And traditional Korean cuisine is not served à la carte, which means it is difficult to recreate a fine dining experience, almost always served as table d’hôte — a multi-course meal — in the West. Hur said she had not been to either of the three-starred restaurants in Seoul, precisely because of her unfamiliarity with and bias against traditional Korean meals rendered in a course format. “Even kings did not eat a course meal in Korea,” said Hur.
Over the years, the Michelin Guide has been criticized for being biased towards French and Japanese cuisines. Last year, Japan had the most number of three-Michelin-starred restaurants, 32 to be exact, and France had 26. While the Guide withholds its exact assessment criteria, it highlights the importance of ingredient quality, techniques, originality, value for money and consistency in execution.
With such guidelines in mind, even a Korean food expert like Park, who has dined in the three-Michelin star restaurants in Seoul, argues that neither Gaon nor La Yeon deserves three Michelin stars. There are restaurants that serve better Korean food, he said. But none of them, in his opinion, merits three stars yet.
Park and Hayler were not the only ones who thought the Guide oversold the two Korean restaurants. The release of the Seoul Michelin Guide prompted suspicions of whether the South Korean government had influenced Michelin’s impartiality, by inflating the general ratings of Seoul’s restaurants, especially those that serve Korean food.
Since 2009, the South Korean government has spent millions of dollars to introduce Korean food to the global audience. The efforts of the “K-Food globalization project” included opening a top-tier Korean restaurant in Manhattan (which was never realized), publishing cookbooks in multiple languages and setting a taskforce to have K-Food on UNESCO’s intangible cultural heritage list. In the past eight years, the Ministry of Agriculture, Food and Rural Affairs alone spent 153 billion won (135 million dollars) on the project.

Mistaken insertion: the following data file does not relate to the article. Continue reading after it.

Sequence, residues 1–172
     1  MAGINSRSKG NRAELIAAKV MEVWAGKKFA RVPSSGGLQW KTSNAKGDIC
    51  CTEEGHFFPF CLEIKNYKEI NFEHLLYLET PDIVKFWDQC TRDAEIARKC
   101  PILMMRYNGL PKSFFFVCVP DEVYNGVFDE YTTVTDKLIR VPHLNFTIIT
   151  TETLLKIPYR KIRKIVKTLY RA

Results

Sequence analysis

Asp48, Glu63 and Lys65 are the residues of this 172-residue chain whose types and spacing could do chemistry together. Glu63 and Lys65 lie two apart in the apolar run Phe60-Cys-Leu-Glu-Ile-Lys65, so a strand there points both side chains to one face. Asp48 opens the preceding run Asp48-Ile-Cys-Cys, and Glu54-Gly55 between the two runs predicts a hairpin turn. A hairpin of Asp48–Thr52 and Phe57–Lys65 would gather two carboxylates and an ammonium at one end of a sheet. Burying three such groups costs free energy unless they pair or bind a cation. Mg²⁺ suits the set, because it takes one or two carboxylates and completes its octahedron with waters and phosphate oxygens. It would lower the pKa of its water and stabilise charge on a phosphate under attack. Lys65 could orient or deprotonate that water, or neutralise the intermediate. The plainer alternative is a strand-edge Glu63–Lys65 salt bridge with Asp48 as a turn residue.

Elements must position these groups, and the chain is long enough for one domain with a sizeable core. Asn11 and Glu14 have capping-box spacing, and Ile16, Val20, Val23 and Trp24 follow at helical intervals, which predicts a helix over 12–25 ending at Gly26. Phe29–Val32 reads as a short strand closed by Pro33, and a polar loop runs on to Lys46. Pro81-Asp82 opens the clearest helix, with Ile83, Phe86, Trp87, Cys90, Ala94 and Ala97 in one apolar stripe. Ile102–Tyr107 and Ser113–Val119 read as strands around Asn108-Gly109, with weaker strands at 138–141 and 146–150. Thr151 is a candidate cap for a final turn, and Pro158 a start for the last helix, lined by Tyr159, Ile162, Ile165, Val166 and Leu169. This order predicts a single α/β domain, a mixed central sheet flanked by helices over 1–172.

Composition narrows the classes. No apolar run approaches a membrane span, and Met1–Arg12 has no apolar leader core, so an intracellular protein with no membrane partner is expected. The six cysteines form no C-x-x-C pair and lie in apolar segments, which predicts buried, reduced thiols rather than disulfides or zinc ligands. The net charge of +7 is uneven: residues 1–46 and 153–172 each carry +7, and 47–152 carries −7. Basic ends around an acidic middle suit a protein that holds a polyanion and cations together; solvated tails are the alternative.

The government’s involvement is evident in the ads in the Michelin Guide, paid by the public institutions that helm the K-Food project. South Korean magazine SisaIN reported, citing an anonymous government official, that Korean Food Foundation and Korea Tourism Organization (KTO) paid 400 million won (around 350,000 dollars) for the ads. Lee Chang-il from the Ministry of Agriculture, Food and Rural Affairs told Korea Exposé that due to confidentiality agreements with Michelin Korea, the ministry cannot confirm the amount but is waiting to hear from Michelin on whether it can publicize the exact number.
Michelin’s ad revenue from the Korean government doesn’t necessarily mean the Guide was biased more favorably toward Korean restaurants. The Seoul Guide has certainly helped the government’s K-food promotion, but it has also had unintended consequences. Gaon and La Yeon’s three stars are sparking a debate about whether they deserve the acclaim, whether Korean food meets the Michelin criteria, and whether Michelin understands Korean cuisine.
Hur Jae-in is not too concerned. “The inaugural Michelin Guide need not be the correct answer,” she said. “Even in New York City, where competition is more fierce, the number of Michelin stars changes every year. Think about how many of South Korea’s stars would change in the future.”
Cover image: A dish served at Gaon, a three-Michelin starred Korean restaurant in Seoul (Source: Republic of Korea via flickr, CC BY-SA 2.0)
Read the British food critic Andy Hayler’s original interview with Korea Exposé: